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The beach at Little Water Cay, more popularly known as Iguana Cay, off South Caicos.Christopher Muther/Globe Staff

6. SOUTH CAICOS — South Caicos, which is part of the Turks and Caicos archipelago, is a sleepy island where you can escape the crowds of Providenciales, just like celebrities such as Neil Patrick Harris and Justin Bieber. It’s remote enough (an additional flight from Providenciales is necessary to get here) that it helps to thin the crowds, so you’ll often find yourself alone at beaches. That’s a plus if you’re looking to plan your first pandemic-era Caribbean trip. The 8-square-mile island not only has celebrities, it still has donkeys and horses roaming the roads, plus pristine beaches and beautiful snorkeling.

A well-deserved view of the island after a hike in St. Lucia.Christopher Muther/Globe Staff

7. ST. LUCIA — The island may be known as a destination for lovebirds and honeymooners, but there’s plenty of other wildlife to be found. It is a hiker’s delight. The island is dominated by the Pitons, and after spending a day photographing them during my visit, I decided I would hike them. There are two, Gros Piton (2,530 feet) and Petit Piton (2,438 feet). There are no trail markers, so guides are necessary. It was an arduous and wet hike (it rained several times), but the view was worth the effort.

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8. BARBADOS — If it’s good enough for Rihanna, it’s good enough for you. Barbados is the wealthiest and most developed country in the Eastern Caribbean. Many of the Brits and moneyed Europeans with indeterminable accents who holiday here are looking to let loose, not pinch their pounds when they drop anchor near one of the well-appointed beach clubs for an afternoon of rum cocktails. I was drawn into the beach club scene. During my visit I spent a leisurely afternoon at the Cliff Beach Club. It was all sun-kissed pink cheeks and Gucci sandals under midcentury sputnik light fixtures. From there I moved on to Mullins Beach Bar and Grill, a humbler space with a not-so-humble crowd. Bottom line: This an island best visited when you’ve just received a raise, or you have a hankering to watch cricket or polo matches with a very well-dressed crowd.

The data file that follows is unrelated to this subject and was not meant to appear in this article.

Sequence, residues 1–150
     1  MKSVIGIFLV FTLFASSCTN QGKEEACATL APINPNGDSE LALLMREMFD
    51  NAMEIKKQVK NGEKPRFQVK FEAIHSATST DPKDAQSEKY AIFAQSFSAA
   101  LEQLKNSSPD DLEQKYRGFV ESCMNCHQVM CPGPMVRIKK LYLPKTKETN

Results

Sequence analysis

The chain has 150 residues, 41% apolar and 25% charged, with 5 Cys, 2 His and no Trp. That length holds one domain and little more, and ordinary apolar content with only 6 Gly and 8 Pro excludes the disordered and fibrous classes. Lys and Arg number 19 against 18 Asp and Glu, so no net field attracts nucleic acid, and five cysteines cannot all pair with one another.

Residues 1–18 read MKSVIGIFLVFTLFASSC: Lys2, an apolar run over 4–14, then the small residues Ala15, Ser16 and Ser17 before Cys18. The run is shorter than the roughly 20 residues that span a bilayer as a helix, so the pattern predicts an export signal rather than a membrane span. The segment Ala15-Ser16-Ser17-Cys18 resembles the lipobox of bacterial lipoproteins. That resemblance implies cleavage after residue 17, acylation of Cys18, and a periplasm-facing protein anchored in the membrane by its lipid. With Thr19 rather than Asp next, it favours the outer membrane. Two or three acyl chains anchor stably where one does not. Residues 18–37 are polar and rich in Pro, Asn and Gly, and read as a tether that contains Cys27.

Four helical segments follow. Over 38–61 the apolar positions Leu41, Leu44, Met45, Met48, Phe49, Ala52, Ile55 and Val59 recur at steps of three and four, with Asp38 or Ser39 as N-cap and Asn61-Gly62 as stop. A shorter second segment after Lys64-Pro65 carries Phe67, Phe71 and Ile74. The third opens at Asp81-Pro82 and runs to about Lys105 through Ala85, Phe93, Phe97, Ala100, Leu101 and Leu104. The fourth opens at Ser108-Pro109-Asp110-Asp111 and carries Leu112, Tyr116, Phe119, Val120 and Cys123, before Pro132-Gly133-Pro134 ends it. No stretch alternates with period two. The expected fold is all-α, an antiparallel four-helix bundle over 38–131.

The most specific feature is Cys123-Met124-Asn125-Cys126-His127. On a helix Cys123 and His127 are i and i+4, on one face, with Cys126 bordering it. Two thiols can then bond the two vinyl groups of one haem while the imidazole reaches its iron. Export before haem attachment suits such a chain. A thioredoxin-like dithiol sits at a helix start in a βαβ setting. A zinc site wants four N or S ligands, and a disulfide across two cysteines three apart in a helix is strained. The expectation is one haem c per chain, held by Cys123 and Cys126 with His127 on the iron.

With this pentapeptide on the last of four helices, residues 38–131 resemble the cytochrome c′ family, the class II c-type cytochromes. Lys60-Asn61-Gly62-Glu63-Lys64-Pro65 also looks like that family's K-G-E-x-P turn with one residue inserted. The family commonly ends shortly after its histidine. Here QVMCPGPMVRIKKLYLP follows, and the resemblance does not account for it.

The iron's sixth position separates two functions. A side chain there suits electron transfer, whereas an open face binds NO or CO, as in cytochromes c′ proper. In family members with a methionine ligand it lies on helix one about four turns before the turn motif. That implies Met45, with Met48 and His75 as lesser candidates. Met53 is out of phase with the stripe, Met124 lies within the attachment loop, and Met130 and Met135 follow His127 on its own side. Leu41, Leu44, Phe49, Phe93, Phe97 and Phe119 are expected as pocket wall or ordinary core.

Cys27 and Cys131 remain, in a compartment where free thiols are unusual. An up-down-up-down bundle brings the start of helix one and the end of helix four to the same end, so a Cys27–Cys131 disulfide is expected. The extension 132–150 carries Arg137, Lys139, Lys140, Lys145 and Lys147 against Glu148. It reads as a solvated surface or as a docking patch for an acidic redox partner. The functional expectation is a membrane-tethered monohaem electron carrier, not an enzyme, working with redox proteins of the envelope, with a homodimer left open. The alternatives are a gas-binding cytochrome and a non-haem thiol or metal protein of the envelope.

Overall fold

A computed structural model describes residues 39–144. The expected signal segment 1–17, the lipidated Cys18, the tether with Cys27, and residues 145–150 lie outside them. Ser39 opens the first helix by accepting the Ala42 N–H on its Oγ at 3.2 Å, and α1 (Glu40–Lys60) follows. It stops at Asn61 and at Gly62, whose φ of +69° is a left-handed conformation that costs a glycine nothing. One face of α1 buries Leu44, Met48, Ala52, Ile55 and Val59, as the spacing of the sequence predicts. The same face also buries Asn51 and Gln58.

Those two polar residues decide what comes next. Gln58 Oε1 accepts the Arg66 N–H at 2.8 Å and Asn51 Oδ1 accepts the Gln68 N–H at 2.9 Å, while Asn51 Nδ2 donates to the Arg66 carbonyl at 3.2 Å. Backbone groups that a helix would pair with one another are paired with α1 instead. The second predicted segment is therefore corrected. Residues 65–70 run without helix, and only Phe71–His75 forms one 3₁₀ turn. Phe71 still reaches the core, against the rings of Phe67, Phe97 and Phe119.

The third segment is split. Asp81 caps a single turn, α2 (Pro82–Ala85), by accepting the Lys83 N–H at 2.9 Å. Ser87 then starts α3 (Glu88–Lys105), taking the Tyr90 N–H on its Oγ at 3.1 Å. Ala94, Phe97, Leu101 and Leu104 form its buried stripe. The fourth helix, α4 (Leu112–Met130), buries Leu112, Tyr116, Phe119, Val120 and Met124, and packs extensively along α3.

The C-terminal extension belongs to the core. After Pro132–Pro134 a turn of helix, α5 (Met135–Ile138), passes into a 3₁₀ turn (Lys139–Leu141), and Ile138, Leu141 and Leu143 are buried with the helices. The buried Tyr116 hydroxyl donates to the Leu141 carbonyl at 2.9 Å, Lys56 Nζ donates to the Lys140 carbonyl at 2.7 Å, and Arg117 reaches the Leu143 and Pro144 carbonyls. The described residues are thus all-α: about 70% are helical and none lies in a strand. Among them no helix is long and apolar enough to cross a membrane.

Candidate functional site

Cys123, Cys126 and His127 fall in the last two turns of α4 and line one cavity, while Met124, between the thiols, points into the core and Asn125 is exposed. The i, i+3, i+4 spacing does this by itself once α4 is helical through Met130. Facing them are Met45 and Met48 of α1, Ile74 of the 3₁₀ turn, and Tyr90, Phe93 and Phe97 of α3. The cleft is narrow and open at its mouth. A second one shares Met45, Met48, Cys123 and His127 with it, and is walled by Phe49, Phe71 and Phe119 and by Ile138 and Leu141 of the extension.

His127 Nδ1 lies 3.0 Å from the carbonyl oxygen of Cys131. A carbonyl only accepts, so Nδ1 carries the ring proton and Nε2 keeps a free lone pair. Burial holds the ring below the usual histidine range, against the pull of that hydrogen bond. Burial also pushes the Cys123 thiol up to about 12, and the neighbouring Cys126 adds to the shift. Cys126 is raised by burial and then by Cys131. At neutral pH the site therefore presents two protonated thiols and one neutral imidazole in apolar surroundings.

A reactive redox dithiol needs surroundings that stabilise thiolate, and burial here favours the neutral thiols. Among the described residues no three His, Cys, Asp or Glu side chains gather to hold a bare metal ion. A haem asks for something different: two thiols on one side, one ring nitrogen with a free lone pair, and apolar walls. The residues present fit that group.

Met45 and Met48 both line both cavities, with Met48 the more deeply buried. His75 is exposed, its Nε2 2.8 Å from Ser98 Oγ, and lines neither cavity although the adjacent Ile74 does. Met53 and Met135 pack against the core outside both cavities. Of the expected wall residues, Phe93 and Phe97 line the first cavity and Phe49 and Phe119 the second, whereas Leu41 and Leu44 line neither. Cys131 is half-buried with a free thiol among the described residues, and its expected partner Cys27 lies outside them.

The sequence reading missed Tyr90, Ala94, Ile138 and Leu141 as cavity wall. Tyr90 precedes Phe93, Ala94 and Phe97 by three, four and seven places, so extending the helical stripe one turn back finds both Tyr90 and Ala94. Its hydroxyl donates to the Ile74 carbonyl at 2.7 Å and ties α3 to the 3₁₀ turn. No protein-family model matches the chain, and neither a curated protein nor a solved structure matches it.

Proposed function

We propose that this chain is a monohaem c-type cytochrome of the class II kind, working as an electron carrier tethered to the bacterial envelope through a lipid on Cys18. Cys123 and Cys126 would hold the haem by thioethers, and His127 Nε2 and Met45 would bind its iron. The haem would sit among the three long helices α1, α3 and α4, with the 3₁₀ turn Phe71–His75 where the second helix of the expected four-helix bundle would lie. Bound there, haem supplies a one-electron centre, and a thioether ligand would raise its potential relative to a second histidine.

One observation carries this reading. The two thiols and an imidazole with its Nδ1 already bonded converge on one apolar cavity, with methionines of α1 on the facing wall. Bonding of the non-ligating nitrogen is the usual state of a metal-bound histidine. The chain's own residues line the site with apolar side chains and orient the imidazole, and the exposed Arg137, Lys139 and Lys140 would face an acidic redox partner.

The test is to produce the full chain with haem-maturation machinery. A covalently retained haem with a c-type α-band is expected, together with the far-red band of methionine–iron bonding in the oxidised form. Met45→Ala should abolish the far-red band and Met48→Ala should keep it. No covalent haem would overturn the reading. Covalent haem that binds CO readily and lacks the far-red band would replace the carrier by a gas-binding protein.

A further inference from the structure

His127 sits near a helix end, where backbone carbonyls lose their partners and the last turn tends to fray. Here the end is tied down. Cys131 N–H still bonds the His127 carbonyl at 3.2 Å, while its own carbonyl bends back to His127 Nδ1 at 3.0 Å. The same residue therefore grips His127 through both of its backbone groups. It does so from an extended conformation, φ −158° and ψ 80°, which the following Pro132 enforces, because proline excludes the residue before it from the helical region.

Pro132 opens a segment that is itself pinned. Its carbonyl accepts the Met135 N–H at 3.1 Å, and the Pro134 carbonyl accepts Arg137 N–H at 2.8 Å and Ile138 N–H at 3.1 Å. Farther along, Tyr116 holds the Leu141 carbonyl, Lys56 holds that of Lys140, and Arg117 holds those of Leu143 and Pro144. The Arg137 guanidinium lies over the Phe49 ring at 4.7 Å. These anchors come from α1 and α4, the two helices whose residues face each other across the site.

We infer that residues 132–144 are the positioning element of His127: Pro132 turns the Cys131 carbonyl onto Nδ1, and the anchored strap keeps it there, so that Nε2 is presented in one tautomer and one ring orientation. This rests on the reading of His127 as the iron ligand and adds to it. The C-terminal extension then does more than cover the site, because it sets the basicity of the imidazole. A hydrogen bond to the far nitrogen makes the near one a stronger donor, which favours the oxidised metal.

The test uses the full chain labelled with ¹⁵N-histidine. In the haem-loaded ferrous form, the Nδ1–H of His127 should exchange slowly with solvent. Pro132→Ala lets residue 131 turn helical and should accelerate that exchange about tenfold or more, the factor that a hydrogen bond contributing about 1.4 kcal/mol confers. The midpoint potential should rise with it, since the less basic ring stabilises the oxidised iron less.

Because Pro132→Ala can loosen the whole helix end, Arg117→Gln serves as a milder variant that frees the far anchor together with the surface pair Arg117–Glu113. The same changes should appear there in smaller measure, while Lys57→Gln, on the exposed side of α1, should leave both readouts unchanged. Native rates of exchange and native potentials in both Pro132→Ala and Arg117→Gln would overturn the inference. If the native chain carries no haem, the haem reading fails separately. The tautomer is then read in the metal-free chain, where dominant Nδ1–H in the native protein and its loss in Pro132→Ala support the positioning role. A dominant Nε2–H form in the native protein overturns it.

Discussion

The road into Gustavia, the capital of St. Bart's, offers stunning views of the sea.Christopher Muther/Globe Staff

9. ST. BART’S — Like Barbados, a good time in St. Bart’s does not come cheap, but it remains a posh paradise. The island, an overseas collectivity of France with a year-round population of 10,000, is best known as an escape for bold names such as Leonardo DiCaprio, Gwen Stefani, and Beyoncé. Many other Caribbean islands depend on mass tourism from cruise ships, but St. Bart’s limits cruise ships to those with no more than 300 passengers. Here, you can shop for goods from top designers and dine in top-notch French restaurants, but you can also sample its 11 free public beaches.

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10. CURACAO — The island, 40 miles off the coast of Venezuela, is part of the ABC islands with Aruba and Bonaire. Seized by the Dutch in 1634, it became a self-governing country within the Kingdom of the Netherlands in 2010. The most industrialized of the former Netherland Antilles, Curaçao does not rely on tourism as its sole industry. It is a curious place where one moment you’re soaking in gorgeous ocean views, and the next you’re smelling oil from a nearby refinery servicing the Venezuelan oil fields. Despite the draw back of smelling oil refineries, its signature iguana soup, aloe vera plantations, and ostrich farms give it a distinctly different feel from its Caribbean neighbors.


Christopher Muther can be reached at christopher.muther@globe.com. Follow him on Twitter @Chris_Muther and Instagram @chris_muther.